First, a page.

Some Questions from a Rosetta Stone Italian user

mmm6189
Posts: 1
Joined: 2012-01-16, 21:35
Real Name: Matthew
Gender: male
Location: Los Angeles
Country: US United States (United States)

Some Questions from a Rosetta Stone Italian user

Postby mmm6189 » 2012-01-16, 22:03

I took Italian when I was studying abroad in Florence, but I didn't retain enough of it... so last Christmas, my relatives gave me Rosetta Stone Italian, and I've been using it off and on for a year. I think it's really helped for vocabulary and pronunciation, but as predicted by those who review language programs, it's difficult to learn grammatical rules and other rules properly, because there's never an official explanation of what I'm learning. I have a list of questions here that I've compiled over the past few months, mostly stemming from Rosetta Stone Italian Level 2. I'd really appreciate it if anyone could help me clear some of these issues up, but of course, I don't expect anyone to answer all of these...

1) When do I use the word "sia"? Sometimes it seems to mean "is", sometimes "both", but I know how to translate "is" and "both" and it's not "sia", so I'm confused...

2) What does "ció" mean, and when should I use it?

3) What tense is "potrebbero"? Conditional? Same with "riempiranno"?

4) At one point, the sentence is "Questo bilie potrebbero riempire esattamente il bicchiere." Why is it "questo", instead of "queste"?

5) "Quando si fa colazione?" Why isn't it "ha" or "mangia"? Is this a standard rule?

6) When learning about numbers (in the context of geometry), a couple phrases confused me: "dal 5" and "dall'1". Why is this numerical attached to "dall", but 5 not attached to "dal"?

7) "Te se fatto male"? Is this really how you say "Are you hurt"? Including both "te" and "se" confuses me...

8) "Io ti do dei soldi." Why is it not just "i soldi"? Why "dei"? How does the idea of "of/di" come into play here?

9) What does "Certo, te lo toglo volentieri" mean"?

10) Giú dalla strada dell'area di ricreazione. Why is it "dalla" and not "la" after "Giú"? And why is it "dell'area" instead of "dall'area", if the meaning if basically "from"?

I need to buy a textbook soon. Thanks for any help.

User avatar
Fulgenzio
Posts: 242
Joined: 2011-11-15, 18:45
Gender: male
Location: Milano
Country: IT Italy (Italia)

Re: Some Questions from a Rosetta Stone Italian user

Postby Fulgenzio » 2012-01-17, 1:40

1) When do I use the word "sia"? Sometimes it seems to mean "is", sometimes "both", but I know how to translate "is" and "both" and it's not "sia", so I'm confused...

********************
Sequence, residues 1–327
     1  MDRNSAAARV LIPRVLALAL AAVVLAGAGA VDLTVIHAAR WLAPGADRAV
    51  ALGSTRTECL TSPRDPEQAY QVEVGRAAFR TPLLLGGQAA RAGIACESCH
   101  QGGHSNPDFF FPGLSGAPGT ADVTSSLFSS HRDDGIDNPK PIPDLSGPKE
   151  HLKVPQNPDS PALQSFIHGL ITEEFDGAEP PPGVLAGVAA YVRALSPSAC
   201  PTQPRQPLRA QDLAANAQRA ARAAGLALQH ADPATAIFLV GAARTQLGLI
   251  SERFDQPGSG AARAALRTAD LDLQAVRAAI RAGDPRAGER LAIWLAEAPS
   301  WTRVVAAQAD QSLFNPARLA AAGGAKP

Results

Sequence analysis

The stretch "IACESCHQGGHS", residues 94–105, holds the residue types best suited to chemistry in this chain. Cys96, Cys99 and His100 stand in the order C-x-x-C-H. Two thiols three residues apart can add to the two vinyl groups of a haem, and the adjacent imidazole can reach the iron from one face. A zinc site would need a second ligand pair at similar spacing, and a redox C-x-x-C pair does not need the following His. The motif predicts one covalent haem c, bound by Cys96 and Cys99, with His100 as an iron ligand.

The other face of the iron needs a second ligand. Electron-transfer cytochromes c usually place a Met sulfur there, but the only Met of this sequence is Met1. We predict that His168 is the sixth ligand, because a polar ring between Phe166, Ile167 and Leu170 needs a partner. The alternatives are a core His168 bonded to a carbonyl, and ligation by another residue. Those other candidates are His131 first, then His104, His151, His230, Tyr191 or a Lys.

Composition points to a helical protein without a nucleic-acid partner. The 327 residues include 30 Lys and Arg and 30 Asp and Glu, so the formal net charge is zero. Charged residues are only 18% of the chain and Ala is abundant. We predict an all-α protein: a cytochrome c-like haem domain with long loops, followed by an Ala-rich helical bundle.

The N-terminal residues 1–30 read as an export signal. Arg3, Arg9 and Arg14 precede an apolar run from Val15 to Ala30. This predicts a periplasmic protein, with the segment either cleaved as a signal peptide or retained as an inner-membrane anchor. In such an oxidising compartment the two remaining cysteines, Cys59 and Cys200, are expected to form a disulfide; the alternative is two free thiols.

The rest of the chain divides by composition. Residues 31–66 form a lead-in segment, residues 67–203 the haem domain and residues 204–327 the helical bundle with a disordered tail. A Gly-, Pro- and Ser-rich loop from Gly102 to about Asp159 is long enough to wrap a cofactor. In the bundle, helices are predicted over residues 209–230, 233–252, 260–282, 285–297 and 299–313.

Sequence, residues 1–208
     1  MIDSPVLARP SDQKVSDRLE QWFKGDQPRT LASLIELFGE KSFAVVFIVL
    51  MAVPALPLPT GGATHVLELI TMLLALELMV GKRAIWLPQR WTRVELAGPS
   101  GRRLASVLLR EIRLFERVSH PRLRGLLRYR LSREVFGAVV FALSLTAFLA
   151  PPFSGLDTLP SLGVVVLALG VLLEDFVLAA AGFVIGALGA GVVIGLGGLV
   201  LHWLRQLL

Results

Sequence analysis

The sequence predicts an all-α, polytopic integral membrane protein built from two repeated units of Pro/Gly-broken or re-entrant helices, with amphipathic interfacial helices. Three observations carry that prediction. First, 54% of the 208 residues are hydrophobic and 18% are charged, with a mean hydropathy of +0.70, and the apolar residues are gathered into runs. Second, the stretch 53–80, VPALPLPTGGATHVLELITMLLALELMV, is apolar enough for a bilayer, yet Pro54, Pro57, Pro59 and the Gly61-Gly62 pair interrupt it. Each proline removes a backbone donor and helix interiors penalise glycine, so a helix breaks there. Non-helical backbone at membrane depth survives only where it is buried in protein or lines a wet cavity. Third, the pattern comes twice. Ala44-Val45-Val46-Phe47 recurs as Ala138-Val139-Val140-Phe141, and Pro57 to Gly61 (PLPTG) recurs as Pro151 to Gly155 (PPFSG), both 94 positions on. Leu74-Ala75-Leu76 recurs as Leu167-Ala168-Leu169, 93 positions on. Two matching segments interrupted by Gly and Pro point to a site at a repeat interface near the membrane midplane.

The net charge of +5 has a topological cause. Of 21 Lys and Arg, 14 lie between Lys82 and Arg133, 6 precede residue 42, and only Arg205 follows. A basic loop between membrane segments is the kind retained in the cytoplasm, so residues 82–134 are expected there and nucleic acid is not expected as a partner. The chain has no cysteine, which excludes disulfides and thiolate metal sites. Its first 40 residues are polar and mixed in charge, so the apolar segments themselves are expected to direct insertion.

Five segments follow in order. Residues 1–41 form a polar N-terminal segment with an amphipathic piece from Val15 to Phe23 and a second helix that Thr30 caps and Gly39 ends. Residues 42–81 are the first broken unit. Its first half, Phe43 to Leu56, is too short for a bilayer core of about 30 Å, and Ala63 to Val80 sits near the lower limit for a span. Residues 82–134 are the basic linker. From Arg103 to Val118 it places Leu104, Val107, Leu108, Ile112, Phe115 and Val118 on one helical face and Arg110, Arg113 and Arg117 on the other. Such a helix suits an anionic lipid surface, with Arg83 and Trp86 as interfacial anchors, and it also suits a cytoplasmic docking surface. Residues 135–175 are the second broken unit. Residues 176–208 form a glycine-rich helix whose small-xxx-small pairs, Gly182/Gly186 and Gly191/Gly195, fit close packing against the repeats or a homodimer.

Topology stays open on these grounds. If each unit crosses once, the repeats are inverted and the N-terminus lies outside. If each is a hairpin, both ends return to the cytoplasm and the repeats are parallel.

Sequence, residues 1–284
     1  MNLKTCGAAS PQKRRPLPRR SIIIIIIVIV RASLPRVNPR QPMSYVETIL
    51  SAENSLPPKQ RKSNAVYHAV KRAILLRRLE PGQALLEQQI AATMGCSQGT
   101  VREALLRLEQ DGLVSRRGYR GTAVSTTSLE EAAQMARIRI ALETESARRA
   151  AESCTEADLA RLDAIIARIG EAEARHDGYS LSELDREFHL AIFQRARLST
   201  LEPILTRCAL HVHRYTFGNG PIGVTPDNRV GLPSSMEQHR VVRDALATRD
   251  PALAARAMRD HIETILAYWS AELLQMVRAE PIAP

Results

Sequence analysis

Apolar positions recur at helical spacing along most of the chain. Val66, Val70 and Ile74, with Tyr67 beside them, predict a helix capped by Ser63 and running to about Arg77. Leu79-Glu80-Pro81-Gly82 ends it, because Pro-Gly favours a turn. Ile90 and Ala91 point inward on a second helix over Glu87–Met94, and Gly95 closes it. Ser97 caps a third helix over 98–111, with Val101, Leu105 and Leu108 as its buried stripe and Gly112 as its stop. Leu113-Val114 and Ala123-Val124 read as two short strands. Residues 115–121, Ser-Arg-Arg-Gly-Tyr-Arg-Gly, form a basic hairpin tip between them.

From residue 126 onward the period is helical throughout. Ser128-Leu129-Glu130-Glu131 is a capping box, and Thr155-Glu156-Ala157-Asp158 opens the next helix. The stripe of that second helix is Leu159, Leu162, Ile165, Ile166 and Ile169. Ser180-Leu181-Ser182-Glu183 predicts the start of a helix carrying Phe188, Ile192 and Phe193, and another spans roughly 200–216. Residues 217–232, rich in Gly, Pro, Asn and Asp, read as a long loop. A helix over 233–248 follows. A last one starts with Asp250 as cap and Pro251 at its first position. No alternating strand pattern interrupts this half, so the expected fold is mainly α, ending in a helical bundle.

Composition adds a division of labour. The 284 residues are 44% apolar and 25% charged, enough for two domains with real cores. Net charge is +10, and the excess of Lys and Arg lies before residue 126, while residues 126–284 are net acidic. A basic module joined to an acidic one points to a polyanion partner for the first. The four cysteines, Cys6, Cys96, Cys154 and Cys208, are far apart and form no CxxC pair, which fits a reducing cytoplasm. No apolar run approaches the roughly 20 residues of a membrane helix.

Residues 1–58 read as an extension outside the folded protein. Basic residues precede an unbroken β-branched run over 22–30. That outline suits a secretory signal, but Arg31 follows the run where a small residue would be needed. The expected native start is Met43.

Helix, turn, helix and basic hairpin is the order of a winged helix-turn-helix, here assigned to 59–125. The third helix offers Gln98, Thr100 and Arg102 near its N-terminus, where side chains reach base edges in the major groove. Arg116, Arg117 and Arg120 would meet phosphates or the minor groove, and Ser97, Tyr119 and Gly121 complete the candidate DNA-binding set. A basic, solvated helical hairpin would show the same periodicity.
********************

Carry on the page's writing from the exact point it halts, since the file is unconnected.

Sia is either the present subjunctive (third person singular) of essere or a correlative conjunction like the English "and... and...".

2) What does "ció" mean, and when should I use it?


Ciò just means "it".

3) What tense is "potrebbero"? Conditional? Same with "riempiranno"?

Potrebbero is the present conditional of potere (third person plural). Riempiranno is the future tense of riempire, third person plural.

4) At one point, the sentence is "Questo bilie potrebbero riempire esattamente il bicchiere." Why is it "questo", instead of "queste"?

That must be a typo. The adjective is certainly plural, so it’s queste.

5) "Quando si fa colazione?" Why isn't it "ha" or "mangia"? Is this a standard rule?

It’s idiomatic.

6) When learning about numbers (in the context of geometry), a couple phrases confused me: "dal 5" and "dall'1". Why is this numerical attached to "dall", but 5 not attached to "dal"?

Because it works as those numbers were spelt: 5 is cinque so it is preceded by del; 1 is uno, it begins with a vowel, so it’s preceded by dell’(<dello/a)

7) "Te se fatto male"? Is this really how you say "Are you hurt"? Including both "te" and "se" confuses me...

That’s certainly wrong, unless you’re speaking romanesco or some of the other dialects of central Italy: it's Ti sei fatto male. Yes, it’s how we say that, from “farsi male”.

8) "Io ti do dei soldi." Why is it not just "i soldi"? Why "dei"? How does the idea of "of/di" come into play here?

In such cases the preposition (dei/degli/delle) means just “some”: “I give you some money”

9) What does "Certo, te lo toglo tolgo volentieri" mean"?

Literally translating, it's "Of course, I take it away from you/remove from you with pleasure".

10) Giú dalla strada dell'area di ricreazione. Why is it "dalla" and not "la" after "Giú"? And why is it "dell'area" instead of "dall'area", if the meaning if basically "from"?

I don’t see the context, so I can’t get the precise meaning. It sounds weird though.
Arcum instensio frangit, animum remissio.


Return to “Italian (Italiano)”

Who is online

Users browsing this forum: No registered users and 1 guest